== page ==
There it is. The letter. Finally, a chance to get away from being constantly bullied by your peers, to make friends with people that share your magic, to belong to a community that accepts you for who you are. And so, you pack your bags and head off to this wonderful place, only to overhear from another in Diagon Alley:
“I really don’t think they should let the other sort in, do you? They’re just not the same, they’ve never been brought up to know our ways. Some of them have never even heard of Hogwarts until they get the letter, I imagine. I think they should keep it in the old wizarding families.”
At first, nerds seem like a friendly, accommodating lot, being fellow outcasts and all, and friends in geek culture are often as strong as Harry, Ron, and Hermione. But just when you think you were free of Dudley Dursley, you end up face-to-face with Draco Malfoy, the kind of geek who goes around flaunting his self-imposed status on everyone and insulting others in the community for being fake geeks.
I have been playing video games since the original Super Mario Bros., and I can be quite obsessive about completing the hardest challenges and collecting everything. Nowadays, everyone wants to get into them. And it’s freaking awesome! No longer are games seen as mind-rotting time wasters for people who go nowhere in life. Gamers are growing up to be scientists and surgeons, unravelling the secrets of protein folding. And now it’s an experience for the whole family, not a shameful habit with which you have to hide in your room.
But apparently, the “true” gamers don’t like that. Those “casuals” are seen as intruders, taking their hardcore games away. Even though games can be a lot of things and thus the label makes no sense. I mean, the adorable and cartoony Mario universe is seen as “hardcore”. Imagine that. One of the worst products of this mentality is that awful “fake geek girl” meme, which is so widespread, and not just in the gaming community, that it’s sad. That’s the nerd equivalent of “Mudblood”.
“You’ll soon find out that some wizarding families are much better than others, Potter. You don’t want to go making friends with the wrong sort. I can help you there.”
Just as Harry realized that some wizards go bad, so did I realize that geeks could be as bad a bully as the stereotypical popular kids. In fact, a lot of them use being outcasts as an excuse, in a way similar to how Severus Snape sees James Potter. Yeah, Harry’s dad was an ass, but taking out your bitterness on your students later in life doesn’t really solve things. Neither does being prejudiced and hanging out with other assholes get you laid, as he found out the hard way with Lily (MRAs, take note). In the end, you just become more miserable and reclusive.
Why nerds would rather be seen as outcasts is beyond me. Like Dumbledore’s Army, they are in a great position to be welcoming and inclusive to all sorts of people, even struggling wizards like Neville and strange ones like Luna. And that is the attitude geek culture should foster.
“I enjoyed the meetings too. It was like having friends.“
So 2013 has passed ending in bad weather and marginally better spirits. It is a “13” year after all. But enough about that.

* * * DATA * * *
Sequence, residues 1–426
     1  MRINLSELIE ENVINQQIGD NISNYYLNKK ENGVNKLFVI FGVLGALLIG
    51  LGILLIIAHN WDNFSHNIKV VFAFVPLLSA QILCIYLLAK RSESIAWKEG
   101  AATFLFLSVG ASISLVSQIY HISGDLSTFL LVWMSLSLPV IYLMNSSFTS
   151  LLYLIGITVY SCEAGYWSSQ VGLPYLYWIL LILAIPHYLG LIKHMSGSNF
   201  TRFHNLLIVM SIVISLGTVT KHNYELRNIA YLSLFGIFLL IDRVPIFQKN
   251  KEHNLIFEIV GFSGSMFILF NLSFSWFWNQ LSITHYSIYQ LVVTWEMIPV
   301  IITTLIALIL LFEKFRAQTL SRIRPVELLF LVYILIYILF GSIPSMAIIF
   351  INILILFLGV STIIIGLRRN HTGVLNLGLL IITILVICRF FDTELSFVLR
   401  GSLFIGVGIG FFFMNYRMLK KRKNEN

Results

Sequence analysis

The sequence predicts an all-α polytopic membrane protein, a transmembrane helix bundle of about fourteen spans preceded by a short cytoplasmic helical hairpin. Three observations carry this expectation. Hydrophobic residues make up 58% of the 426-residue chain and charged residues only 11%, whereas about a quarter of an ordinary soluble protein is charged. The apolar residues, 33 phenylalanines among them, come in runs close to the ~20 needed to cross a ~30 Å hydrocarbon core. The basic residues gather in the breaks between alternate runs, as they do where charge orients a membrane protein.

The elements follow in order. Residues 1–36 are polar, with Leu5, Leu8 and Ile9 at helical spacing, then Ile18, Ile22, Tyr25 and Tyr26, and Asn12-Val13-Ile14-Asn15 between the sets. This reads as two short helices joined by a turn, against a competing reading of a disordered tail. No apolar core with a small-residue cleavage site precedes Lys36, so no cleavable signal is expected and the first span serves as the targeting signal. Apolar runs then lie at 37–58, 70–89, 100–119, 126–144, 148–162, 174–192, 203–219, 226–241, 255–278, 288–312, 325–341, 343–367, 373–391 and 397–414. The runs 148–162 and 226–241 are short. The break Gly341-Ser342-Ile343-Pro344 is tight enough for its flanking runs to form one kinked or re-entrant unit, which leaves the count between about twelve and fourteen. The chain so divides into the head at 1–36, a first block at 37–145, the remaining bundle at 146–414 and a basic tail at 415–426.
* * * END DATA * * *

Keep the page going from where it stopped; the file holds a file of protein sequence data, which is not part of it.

When I think about my resolutions for 2014, it always seems to come back to writing, whether it be for my Master’s work, for this blog, or for other events. For one thing, I seem to have a different attitude to writing for academia compared to when I post here. With the former, I tend to be slow and anxious of what to put, while here I just go with whatever is on my mind, changing what I had originally planned mid-way when I see what I had already written. I guess aside from revisions being more important in official writing, I don’t worry as much on WordPress since I treat it as my personal diary under a pseudonym, so I don’t feel the pressure of being judged nearly as much. Obviously though, I could be a lot more productive if I wrote my thesis the way I write my blog entries, at least for the first draft. Anything to reduce anxiety could only be a good thing.
But I’m striving to write better on the blog as well, inspired by other bloggers on my side bar. When you see consistently well-written and thoughtful blog entries, especially when they reveal what you too are thinking, it sets a standard to aspire to. And that’s one of my reasons for posting my diary entries in public; I want to touch people in the same way. Even when I am feeling particularly vindictive, it’s also because I know that other people have been hurt similarly. Nonetheless, people are complex, and everyone has their own motives. To understand people is tricky, but it’s a challenge I’m willing to accept.
Last year, I discovered Alice Munro. Obviously, the Nobel Prize and Canadian pride were catalysts, but primarily those reminded me of Sarah Polley’s Away from Her. And if she could make such a great adaptation of one of her stories with such love and care, Alice must be interesting. And I haven’t read Chekhov or Falkner, but her stories are unlike anything I have ever seen before, with ordinary people having their personalities so nakedly displayed, yet with impartial narration. I would definitely like to write more about my impressions of Dear Life in a future blog post, but I have been reading the compilation slowly so each story can make an impact and I would like to get through the entire book just in case my thoughts change. But it’s true what they say about Alice Munro’s stories having the contents of novels.
In fact, I guess I always had the mind to write my own stories, but was intimidated by the prospect. Yet with so much inspiration, I think I ought to try this year. The blog would serve as a good venue for creative writing after all.
So, happy 2014, and may you all act towards fulfilling your dreams, breaking the mental chains that hold you back. I know I will do the same.